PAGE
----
There is a new implied term into every assured tenancy that a tenant may keep a pet if the landlord consents, such consent not to be unreasonably withheld.

There is a specific procedure for giving or refusing consent which requires the landlord to respond within 42 days of the tenant’s request for consent.

There are prescribed circumstances in which a refusal of consent is deemed to be reasonable, which include where the landlord’s lease with a superior landlord includes a provision prohibiting pets without consent and the landlord has sought consent but it is refused.

If the tenant believes that their request has been unreasonably refused by the landlord, it can raise it with the Ombudsman (see below).

It is an implied term of the tenancy that the tenant is required to obtain insurance for pet damage to the property or common parts or that the tenant pays the landlord’s costs of maintaining insurance for pet damage. Pet insurance becomes a cost where the landlord can require the tenant to enter into an agreement with a third party under the Tenant Fees Act 2019.

What this means:

There is likely to be a significant increase in the number of requests for pets. However, the landlord can withhold consent provided that such withholding of consent is reasonable. Landlords will welcome the provision in the Bill to allow the costs of insuring the property against pet damage to be covered by the tenant.

Notice period for tenants

Notices to quit served by tenants must give a period of at least 2 months (or less if an agreement is reached with the landlord).

A tenant is given a new statutory right to withdraw a notice to quit if the landlord and tenant agree in writing to the withdrawal.

New private rented sector Ombudsman

A new Ombudsman for the private rented sector will be introduced, and landlords will be required to join the service. The Ombudsman will have legal authority to compel apologies, take remedial action and pay compensation.

What this means:

The introduction of the Ombudsman is said by the Government to provide quicker and cheaper resolutions to disputes. However, this is a significant change and only time will tell whether that outcome is achieved via the Ombudsman. Claims for possession will still be dealt with by the County Courts and disputes over increases of rent will remain within the jurisdiction of the FTT.

What is missing from the Bill?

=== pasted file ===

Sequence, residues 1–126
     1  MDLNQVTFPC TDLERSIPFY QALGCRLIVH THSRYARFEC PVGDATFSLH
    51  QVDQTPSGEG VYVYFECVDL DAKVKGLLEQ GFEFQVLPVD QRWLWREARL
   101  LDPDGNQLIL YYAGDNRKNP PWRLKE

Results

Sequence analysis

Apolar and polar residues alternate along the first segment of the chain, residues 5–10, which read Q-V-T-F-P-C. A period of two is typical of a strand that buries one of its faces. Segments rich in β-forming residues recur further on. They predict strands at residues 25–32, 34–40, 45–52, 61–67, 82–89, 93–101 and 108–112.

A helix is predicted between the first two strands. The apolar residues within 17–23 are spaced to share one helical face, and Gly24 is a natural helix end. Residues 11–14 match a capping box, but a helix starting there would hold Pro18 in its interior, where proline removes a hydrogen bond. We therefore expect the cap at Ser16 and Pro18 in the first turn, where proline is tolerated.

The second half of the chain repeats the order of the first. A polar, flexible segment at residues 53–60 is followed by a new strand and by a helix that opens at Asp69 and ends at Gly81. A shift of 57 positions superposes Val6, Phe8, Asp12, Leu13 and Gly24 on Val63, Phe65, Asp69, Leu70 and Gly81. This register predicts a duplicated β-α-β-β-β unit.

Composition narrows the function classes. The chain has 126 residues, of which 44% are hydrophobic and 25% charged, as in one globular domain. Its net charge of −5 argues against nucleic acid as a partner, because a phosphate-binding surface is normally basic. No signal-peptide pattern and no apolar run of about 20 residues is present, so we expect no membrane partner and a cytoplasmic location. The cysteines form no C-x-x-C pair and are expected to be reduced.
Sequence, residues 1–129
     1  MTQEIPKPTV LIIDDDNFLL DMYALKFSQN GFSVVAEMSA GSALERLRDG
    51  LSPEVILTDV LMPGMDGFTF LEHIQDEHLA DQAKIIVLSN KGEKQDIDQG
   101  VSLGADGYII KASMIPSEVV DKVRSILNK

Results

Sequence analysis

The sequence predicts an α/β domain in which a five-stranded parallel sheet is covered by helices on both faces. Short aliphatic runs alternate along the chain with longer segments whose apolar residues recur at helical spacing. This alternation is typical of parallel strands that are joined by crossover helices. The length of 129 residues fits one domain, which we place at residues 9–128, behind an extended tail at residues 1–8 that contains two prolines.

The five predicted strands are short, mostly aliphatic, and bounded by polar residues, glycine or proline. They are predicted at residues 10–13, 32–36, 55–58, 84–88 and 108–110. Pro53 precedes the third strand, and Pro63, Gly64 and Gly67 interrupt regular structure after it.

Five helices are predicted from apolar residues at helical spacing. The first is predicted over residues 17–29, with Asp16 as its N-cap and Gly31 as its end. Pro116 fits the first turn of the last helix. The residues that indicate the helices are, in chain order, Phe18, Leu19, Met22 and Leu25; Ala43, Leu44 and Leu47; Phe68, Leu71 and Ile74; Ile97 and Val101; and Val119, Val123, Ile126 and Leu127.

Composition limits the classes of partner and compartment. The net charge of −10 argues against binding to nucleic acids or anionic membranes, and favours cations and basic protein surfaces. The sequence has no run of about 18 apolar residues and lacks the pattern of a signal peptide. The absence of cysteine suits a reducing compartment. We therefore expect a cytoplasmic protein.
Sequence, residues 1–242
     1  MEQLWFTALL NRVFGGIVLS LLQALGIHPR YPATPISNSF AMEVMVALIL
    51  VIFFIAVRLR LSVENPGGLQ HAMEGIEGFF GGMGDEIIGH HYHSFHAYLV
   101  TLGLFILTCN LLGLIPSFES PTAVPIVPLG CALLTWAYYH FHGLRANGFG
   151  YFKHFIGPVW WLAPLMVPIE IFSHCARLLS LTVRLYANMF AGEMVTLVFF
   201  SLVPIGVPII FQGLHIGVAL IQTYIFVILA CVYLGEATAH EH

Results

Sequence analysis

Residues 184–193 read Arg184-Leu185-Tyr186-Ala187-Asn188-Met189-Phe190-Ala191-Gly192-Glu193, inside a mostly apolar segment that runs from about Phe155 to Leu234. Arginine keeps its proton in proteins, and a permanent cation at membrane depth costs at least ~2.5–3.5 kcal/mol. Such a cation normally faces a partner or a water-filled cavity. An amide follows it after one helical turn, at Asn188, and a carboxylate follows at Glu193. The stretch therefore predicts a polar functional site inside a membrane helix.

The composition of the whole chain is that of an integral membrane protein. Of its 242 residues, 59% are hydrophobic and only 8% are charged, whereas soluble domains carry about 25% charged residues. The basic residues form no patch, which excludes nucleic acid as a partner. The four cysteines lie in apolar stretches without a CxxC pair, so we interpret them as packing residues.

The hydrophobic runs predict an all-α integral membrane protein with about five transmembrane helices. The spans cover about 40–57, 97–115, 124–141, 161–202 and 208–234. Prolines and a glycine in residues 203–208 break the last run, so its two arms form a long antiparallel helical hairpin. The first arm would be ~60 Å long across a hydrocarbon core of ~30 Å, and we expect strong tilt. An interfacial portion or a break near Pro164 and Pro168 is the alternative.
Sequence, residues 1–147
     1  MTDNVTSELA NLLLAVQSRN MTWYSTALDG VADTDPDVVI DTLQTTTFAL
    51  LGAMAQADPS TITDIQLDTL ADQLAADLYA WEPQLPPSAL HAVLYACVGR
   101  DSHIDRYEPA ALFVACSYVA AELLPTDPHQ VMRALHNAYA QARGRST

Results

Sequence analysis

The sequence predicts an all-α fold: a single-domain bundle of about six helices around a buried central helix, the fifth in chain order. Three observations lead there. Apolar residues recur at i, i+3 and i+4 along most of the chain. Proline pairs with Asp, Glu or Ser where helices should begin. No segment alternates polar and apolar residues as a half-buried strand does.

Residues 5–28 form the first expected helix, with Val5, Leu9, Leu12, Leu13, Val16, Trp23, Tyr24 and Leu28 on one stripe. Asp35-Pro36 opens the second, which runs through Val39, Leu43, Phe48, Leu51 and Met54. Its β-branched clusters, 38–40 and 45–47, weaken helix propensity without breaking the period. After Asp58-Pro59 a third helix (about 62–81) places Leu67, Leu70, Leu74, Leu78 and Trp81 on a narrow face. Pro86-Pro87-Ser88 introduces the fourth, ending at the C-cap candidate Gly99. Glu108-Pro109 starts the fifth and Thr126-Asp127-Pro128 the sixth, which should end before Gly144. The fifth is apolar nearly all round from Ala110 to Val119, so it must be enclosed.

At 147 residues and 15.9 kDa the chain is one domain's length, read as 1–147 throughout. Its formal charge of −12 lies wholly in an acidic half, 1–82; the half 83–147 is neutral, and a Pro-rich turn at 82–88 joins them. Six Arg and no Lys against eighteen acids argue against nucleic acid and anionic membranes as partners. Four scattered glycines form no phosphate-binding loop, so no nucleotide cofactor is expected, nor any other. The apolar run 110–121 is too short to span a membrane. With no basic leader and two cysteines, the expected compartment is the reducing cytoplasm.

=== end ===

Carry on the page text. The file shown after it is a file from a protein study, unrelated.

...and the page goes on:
The Government’s White Paper on the private rented sector published in June 2022 stated that the Government planned to introduce a Decent Homes Standard (as currently exists in the public sector) into the private rented sector. The Bill does not include any provisions about the Decent Homes Standard. It is understood from the explanatory notes to the Bill that the Decent Homes Standard will be introduced in the future and the Government will respond to a September 2022 consultation and set out next steps in due course.


The wait is over for the Renters (Reform) Bill which has been anticipated by landlords and tenants for some time. Whether the Government’s aim of bringing in “a better deal for renters” is achieved is yet to be determined but the Bill makes some significant changes such as the removal of Section 21 Notices and Assured Shorthold Tenancies so that only monthly periodic assured tenancies can be created. Landlords may well be disappointed by the insubstantial amendments proposed in relation to possession on the ground of anti-social behaviour (ground 14) which can be an area where disputes often arise. Whilst there are some new grounds and some existing grounds are to be widened, it may become more costly and lengthy to obtain possession of properties in the private rented sector, particularly if matters are disputed and proceed to the Courts.

Both tenants and landlords should be aware of the changes proposed by the Bill, whilst being mindful that further changes may made before it becomes law.

We are tracking developments on our Essential Residential hub and our timeline: Evolution of the private rented sector.

Please do not hesitate to contact Bella Stuart-Bourne or your usual Charles Russell Speechlys contact if you have any queries.